NLT 1 Samuel 18:1–4
After David had finished talking with Saul, he met Jonathan, the king’s son. There was an immediate bond between them, for Jonathan loved David. 2 From that day on Saul kept David with him and wouldn’t let him return home. 3 And Jonathan made a solemn pact with David, because he loved him as he loved himself. 4 Jonathan sealed the pact by taking off his robe and giving it to David, together with his tunic, sword, bow, and belt.
Why is this ponderable?
If the author of 1 Samuel had lived in the 21st Century, he might have used bromance to explain the bond between them: “a close, emotionally intense, non-sexual, male bonding relationship, distinguished by a particularly high level of emotional intimacy.” This is ponderable because of the details provided by the author and the fact that it is the only relationship described this way in the entire Old Testament.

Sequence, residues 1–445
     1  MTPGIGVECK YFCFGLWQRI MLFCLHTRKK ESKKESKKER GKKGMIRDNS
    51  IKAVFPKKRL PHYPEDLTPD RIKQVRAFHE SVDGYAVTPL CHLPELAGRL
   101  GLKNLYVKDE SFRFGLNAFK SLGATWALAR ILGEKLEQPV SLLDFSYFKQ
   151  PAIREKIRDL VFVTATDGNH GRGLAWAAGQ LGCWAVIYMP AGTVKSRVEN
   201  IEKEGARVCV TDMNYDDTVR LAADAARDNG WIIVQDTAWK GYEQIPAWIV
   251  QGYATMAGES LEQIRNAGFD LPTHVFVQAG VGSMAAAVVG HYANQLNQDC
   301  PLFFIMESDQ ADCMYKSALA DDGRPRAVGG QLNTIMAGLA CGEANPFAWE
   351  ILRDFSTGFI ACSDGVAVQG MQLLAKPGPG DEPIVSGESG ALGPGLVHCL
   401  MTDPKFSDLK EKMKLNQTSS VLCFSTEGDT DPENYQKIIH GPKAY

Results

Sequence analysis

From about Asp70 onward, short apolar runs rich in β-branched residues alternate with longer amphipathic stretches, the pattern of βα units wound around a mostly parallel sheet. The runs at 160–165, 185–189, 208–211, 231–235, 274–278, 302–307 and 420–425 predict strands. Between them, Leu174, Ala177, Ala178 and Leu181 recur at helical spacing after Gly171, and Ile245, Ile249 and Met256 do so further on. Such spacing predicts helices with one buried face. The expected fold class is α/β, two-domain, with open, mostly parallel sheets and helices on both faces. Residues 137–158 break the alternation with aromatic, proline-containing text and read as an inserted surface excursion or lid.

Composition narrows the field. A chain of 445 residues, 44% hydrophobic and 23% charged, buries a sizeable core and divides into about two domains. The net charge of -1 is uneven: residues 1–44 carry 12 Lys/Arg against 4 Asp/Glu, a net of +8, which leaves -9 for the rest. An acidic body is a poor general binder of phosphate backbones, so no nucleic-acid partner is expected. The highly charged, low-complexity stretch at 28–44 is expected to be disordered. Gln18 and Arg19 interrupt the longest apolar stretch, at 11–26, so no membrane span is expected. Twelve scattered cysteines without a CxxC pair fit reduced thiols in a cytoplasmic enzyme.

In the New Testament, we encounter “the disciple whom Jesus loved” in John 21:20–23 Although biblical scholars disagree about the identity this disciple, he is described this way in six different places in the Gospel of John. Some biblical scholars ponder if this could be a reference to Lazarus, the brother of Martha and Mary. Jesus wept when he learned that Lazarus had died before he arrived at his home. In fact, the death of his friend Lazarus was so devastating to Jesus that he called him back from the tomb. We do not hear about Lazarus again after this event which is also ponderable. Perhaps the Apostles were warned by Jesus to keep this event under wraps lest the people begin to follow Lazarus and fall away from Him.